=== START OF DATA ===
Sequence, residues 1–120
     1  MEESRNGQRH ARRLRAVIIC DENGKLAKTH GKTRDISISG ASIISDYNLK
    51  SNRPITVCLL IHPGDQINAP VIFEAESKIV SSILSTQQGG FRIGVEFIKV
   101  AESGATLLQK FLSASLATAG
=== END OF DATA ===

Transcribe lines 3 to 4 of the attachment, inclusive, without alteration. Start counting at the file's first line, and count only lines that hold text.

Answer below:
    51  SNRPITVCLL IHPGDQINAP VIFEAESKIV SSILSTQQGG FRIGVEFIKV
   101  AESGATLLQK FLSASLATAG